The healthcare sector saw a significant drop in employment at the start of the pandemic, but since then, the industry has largely rebounded to pre-pandemic levels. However, overall job growth remains below expectations, according to new research from the Peterson Center on Healthcare and the Kaiser Family Foundation.
For the study, researchers analyzed data from the U.S. Bureau of Labor Statistics' Current Employment Statistics and Job Openings and Labor Turnover Survey to compare the healthcare industry and non-healthcare sectors, as well as how different healthcare providers were affected by the pandemic.
Typically, the healthcare industry has been "relatively recession-proof," the researchers write. However, at the start of the pandemic in 2020, healthcare jobs saw a significant decline, though it was not as steep as the rest of the economy.
Between April 2019 and April 2020, health employment decreased by 8.2% while non-health employment decreased by 14%. Over time, jobs across all sectors rebounded, with healthcare jobs doing so more quickly. By July 2020, the healthcare industry was already reporting 95% of its pre-pandemic job numbers. In comparison, non-healthcare jobs did not reach 95% of pre-pandemic levels until June 2021.
As of December 2022, jobs in the healthcare industry are 1.2% higher than they were in February 2020, the previous peak. Across all other sectors, jobs are 0.8% higher than in February 2020.
Among the different health service sectors, most saw their job numbers begin to increase again by the summer of 2020, and this upward trend has largely continued over time. However, some sectors, including community care facilities for the elderly and nursing care facilities, are still seeing job numbers far below their pre-pandemic levels.
As of December 2022, community elder care facilities have 6.5% fewer employees nationwide than in February 2020, and nursing care facilities have 13.3% fewer employees.
While many healthcare sectors have seen their employment numbers return to pre-pandemic levels, overall employment in the healthcare industry is 3.9% below what was originally projected based on pre-pandemic growth rates. The difference between the actual and projected employment numbers ranged from no difference in physicians' offices to -12.5% in community elder care facilities.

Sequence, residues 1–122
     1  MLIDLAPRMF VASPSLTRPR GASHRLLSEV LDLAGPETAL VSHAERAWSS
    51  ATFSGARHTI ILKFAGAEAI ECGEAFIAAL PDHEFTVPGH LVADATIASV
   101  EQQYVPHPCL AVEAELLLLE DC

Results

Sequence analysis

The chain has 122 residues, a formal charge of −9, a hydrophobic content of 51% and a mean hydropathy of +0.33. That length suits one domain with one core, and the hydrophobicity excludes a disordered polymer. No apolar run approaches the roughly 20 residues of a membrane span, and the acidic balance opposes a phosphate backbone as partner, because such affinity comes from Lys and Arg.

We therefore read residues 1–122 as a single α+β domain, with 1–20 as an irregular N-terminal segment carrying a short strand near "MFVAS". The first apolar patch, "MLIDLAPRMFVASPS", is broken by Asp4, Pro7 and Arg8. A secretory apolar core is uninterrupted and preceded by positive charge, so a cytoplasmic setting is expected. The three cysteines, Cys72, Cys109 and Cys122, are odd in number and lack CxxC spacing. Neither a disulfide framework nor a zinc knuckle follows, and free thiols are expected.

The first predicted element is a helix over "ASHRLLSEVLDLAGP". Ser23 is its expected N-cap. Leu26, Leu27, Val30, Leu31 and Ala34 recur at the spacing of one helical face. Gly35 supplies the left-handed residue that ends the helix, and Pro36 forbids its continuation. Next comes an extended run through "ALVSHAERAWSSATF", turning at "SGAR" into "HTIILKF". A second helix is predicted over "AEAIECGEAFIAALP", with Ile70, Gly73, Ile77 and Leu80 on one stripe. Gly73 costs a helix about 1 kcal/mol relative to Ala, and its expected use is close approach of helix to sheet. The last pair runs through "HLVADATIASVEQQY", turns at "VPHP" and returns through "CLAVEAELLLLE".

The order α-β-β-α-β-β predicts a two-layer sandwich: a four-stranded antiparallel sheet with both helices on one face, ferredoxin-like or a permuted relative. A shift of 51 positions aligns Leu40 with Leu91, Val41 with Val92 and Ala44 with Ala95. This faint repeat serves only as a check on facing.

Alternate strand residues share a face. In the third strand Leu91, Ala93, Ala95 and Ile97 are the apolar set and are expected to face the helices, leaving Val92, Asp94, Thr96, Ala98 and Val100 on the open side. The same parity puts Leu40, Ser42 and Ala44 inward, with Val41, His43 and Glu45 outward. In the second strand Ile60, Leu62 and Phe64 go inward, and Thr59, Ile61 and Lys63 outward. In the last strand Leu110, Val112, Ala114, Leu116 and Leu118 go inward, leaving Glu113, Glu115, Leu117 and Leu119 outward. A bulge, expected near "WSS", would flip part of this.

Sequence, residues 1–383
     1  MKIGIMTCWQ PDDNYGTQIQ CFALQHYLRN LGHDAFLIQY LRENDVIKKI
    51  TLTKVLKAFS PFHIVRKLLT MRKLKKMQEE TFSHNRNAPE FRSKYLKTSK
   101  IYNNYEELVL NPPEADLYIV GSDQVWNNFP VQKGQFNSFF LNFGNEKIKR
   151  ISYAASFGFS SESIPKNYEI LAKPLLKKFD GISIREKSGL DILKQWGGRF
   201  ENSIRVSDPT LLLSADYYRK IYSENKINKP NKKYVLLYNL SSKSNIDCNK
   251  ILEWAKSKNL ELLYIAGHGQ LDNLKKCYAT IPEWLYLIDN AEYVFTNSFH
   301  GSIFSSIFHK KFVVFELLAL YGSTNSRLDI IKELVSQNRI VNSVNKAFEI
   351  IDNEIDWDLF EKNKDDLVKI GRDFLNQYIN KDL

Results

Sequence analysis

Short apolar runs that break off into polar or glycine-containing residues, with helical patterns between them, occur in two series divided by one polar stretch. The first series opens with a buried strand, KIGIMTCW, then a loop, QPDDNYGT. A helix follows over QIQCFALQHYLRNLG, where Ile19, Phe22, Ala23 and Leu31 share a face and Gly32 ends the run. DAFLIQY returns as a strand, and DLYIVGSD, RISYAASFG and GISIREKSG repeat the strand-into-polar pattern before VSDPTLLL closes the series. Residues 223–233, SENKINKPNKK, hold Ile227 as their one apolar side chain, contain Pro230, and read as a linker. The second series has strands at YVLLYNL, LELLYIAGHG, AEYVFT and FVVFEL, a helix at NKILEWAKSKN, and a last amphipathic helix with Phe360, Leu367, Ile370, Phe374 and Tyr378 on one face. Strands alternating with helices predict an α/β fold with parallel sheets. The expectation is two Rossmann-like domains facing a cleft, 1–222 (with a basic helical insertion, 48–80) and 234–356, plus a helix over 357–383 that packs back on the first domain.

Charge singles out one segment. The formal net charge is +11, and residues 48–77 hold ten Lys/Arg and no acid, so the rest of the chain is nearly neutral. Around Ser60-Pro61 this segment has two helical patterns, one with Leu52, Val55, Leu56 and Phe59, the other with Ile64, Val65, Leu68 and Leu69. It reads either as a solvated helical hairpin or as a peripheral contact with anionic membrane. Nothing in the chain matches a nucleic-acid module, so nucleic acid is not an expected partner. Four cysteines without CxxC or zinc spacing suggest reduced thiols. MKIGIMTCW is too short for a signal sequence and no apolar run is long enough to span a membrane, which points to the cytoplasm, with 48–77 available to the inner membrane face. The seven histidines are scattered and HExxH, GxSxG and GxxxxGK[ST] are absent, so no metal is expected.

Meanwhile, the number of health and social assistance job openings have continued to grow since April 2020, hitting a record high in September of that year. Compared to before the pandemic, healthcare and social assistance job openings remain significantly higher.
In addition, the number of job quits in the healthcare and social assistance industry has increased at a faster rate than all job quits. By November 2022, job quits in the healthcare industry were 32.5% higher than before the pandemic, compared to a 21.1% increase in job quits among all workers.
When it comes to average wages, healthcare jobs have seen increases that largely align with those of all employees at private organizations. Although average healthcare wages initially rose more slowly compared to overall wages, healthcare wages have now been increasing slightly faster than overall average weekly earnings since mid-2021.
Between February 2020 and November 2022, overall average weekly wages increased by 14.6%, going from $982 to $1,126. In comparison, the average weekly wage for healthcare employees increased by 17% during the same period, going from $1,039 to $1,216.
However, the increase in average healthcare wages was not evenly distributed across different settings. For example, nursing home and elder care facilities saw the largest decline in employment, but saw the highest average increase in wages at 21.8% and 20.5%, respectively.
In comparison, physician offices, which saw the largest increase in employment during the pandemic, had lowest average increase in wages at 10.9%.
Overall, "[t]he COVID-19 pandemic, and the rapid subsequent changes of both supply and demand in the labor market, will continue to have an impact on employment the health industry (and the overall economy) for years to come," the researchers wrote. (Telesford et al., Peterson-KFF Health System Tracker, 1/20)
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